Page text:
Entitlements for those who served in the former Yugoslavia or the Tanker War
Former Yugoslavia in the 1990s
If you served as an Australian Defence Force (ADF) member in the former Yugoslav republics between 12 January 1992 and 24 January 1997, you might be eligible for a range of benefits including a means-tested Service Pension at age 60 and/or the automatic grant of the Gold Card at age 70.
The Department of Defence has recently issued a new allotment instrument for service in the former Yugoslav republics during that period. It covers certain ADF members who served there on attachment with allied forces.
For privacy reasons, details of these members cannot be published. Most affected members already have qualifying service accepted and have no need to apply. Where relevant members are known to us and do not already have qualifying service accepted, DVA has attempted to contact them.
Gulfs of Oman and Iran in the 1980s (Tanker War)
Defence has recently clarified that certain members of the Royal Australian Navy who served on attachment with UK or US forces in the Gulfs of Oman and/or Iran between 17 November 1986 and 28 February 1989 are considered to have Hazardous Service. If that applies to you, your service might be recognised as Hazardous Service under the Veterans’ Entitlements Act 1986 (VEA).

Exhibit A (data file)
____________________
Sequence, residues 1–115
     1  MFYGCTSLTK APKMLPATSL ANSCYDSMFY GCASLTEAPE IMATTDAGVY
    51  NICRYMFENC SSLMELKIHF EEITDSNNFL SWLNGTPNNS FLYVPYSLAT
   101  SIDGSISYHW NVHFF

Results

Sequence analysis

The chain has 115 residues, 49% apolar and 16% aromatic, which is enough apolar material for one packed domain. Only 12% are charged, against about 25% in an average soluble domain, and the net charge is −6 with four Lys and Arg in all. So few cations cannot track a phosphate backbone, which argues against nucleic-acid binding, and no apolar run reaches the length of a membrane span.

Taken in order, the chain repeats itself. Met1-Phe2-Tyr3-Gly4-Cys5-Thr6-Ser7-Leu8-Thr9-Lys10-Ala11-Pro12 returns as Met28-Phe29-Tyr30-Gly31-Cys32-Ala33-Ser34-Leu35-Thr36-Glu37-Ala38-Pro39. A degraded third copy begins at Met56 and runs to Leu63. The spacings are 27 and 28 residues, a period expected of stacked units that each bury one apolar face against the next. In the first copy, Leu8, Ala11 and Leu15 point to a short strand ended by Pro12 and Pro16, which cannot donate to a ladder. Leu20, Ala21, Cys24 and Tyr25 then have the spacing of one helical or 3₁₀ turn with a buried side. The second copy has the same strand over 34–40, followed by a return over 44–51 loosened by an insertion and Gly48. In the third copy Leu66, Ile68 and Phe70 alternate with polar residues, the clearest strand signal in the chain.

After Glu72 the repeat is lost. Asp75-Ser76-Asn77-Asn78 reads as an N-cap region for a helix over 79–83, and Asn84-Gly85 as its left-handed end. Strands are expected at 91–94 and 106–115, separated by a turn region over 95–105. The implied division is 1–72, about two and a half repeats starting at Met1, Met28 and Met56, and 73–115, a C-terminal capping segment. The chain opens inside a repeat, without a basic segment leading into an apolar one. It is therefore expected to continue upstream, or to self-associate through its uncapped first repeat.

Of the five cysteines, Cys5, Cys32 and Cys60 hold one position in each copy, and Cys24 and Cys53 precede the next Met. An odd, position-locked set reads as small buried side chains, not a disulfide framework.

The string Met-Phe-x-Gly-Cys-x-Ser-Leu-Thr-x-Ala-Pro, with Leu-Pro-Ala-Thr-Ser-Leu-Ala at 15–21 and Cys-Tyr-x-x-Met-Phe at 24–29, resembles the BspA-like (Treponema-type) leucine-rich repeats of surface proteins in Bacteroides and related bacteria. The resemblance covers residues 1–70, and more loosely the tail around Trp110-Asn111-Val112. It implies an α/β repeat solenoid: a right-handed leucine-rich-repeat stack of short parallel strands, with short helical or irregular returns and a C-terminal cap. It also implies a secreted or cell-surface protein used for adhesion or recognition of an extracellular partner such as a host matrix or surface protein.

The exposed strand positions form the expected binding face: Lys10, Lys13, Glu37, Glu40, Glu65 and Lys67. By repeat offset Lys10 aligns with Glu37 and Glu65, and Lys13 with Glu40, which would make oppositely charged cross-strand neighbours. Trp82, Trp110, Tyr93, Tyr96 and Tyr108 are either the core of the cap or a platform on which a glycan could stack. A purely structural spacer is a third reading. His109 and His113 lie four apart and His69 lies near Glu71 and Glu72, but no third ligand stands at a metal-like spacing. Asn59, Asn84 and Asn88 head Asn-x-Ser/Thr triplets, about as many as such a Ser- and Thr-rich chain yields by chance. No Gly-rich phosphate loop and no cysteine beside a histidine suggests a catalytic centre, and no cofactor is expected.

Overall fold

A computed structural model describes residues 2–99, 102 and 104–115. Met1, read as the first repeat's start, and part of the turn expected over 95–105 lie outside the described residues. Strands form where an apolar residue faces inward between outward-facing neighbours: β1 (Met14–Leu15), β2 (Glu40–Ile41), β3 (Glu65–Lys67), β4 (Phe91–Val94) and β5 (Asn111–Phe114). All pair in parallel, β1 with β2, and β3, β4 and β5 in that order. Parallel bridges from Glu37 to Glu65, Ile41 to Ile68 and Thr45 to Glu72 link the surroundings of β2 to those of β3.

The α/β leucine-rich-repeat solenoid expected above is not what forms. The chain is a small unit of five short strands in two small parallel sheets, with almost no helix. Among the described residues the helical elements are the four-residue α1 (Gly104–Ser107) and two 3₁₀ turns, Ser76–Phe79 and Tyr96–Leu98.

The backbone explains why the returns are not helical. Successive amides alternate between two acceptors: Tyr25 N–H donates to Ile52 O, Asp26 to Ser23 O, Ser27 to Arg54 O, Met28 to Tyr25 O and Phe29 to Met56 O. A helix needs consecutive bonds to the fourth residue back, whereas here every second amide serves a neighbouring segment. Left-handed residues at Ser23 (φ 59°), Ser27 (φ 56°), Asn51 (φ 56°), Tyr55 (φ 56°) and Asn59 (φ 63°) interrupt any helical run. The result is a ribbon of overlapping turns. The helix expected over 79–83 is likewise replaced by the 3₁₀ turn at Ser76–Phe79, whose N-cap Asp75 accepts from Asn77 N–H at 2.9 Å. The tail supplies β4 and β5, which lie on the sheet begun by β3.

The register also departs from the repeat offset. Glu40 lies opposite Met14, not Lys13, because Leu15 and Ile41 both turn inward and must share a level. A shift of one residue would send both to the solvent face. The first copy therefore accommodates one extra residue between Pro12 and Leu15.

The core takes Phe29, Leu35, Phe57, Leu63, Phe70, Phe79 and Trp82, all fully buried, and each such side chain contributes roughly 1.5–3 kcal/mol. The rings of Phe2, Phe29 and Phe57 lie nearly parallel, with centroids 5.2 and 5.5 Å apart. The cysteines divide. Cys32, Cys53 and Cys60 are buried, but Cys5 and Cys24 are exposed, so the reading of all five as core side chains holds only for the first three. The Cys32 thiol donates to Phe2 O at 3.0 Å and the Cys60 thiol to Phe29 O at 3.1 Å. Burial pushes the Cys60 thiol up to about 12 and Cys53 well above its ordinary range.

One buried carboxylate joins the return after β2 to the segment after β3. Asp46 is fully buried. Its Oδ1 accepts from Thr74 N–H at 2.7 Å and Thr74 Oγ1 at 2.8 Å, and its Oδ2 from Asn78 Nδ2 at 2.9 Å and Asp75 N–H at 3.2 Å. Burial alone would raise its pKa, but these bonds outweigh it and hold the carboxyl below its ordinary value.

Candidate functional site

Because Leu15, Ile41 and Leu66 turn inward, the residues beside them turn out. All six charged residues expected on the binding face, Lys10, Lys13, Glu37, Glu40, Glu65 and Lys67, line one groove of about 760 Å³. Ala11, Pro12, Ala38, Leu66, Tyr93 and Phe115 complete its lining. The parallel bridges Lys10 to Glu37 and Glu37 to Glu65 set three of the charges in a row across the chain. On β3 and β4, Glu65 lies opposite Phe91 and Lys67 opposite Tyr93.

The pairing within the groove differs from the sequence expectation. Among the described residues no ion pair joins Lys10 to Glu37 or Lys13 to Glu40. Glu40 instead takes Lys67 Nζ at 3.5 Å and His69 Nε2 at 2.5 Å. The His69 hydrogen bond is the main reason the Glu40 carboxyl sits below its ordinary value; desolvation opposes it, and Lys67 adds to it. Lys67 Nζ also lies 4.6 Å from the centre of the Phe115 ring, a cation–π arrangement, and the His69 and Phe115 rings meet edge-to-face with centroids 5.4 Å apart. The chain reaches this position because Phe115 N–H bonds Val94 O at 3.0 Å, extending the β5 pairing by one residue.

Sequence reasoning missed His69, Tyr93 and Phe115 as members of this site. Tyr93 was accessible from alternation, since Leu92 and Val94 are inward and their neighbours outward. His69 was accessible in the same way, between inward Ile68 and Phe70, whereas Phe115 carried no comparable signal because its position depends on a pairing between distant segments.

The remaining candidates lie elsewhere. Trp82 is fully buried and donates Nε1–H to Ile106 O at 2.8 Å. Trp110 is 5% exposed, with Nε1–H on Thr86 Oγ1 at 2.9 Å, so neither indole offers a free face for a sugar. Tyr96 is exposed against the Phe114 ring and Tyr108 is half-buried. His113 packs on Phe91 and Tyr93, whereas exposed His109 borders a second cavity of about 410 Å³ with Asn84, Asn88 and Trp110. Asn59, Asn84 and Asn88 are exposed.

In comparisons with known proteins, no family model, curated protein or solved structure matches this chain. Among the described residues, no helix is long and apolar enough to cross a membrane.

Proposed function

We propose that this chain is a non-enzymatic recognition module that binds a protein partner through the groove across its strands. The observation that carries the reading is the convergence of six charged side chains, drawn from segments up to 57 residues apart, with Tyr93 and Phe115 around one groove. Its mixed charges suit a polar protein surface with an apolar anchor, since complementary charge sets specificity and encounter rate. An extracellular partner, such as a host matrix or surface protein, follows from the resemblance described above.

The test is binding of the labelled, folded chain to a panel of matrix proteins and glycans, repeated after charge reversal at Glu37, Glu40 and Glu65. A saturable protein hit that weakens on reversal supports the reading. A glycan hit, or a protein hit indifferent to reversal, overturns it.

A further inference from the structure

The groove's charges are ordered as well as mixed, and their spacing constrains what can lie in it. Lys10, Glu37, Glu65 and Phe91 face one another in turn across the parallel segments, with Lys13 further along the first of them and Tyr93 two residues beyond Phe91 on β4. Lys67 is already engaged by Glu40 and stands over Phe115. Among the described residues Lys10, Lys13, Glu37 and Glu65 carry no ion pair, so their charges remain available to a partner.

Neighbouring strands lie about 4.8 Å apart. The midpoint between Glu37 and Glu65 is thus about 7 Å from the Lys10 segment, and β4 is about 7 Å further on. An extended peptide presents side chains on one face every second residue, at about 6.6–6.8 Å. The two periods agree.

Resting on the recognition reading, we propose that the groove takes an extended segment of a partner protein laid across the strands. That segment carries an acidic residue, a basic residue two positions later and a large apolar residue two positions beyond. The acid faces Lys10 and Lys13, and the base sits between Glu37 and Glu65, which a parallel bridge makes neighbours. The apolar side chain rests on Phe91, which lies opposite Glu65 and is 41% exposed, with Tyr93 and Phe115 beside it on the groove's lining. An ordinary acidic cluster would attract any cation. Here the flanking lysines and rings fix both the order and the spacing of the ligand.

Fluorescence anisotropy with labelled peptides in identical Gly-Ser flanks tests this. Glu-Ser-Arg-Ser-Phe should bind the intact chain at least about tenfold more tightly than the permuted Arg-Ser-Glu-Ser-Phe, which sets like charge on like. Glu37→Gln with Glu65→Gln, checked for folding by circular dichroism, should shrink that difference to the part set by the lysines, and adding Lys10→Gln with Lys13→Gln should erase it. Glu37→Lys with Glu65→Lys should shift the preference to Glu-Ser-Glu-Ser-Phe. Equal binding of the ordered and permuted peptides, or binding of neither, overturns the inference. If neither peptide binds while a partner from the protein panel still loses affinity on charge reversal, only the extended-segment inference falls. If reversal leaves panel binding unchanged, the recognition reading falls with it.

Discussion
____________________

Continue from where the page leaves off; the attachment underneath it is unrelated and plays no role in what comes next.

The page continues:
Consideration of claims
Veterans with the above service may be eligible for a Disability Pension under the VEA for any injuries or disease that arose from this service. Claims will be considered against the Reasonable Hypothesis Statements of Principles issued by the Repatriation Medical Authority and against the more generous reverse criminal standard of proof.
If you believe you have a medical condition that was caused or aggravated by any of your ADF service, DVA encourages you to lodge a compensation claim through MyService.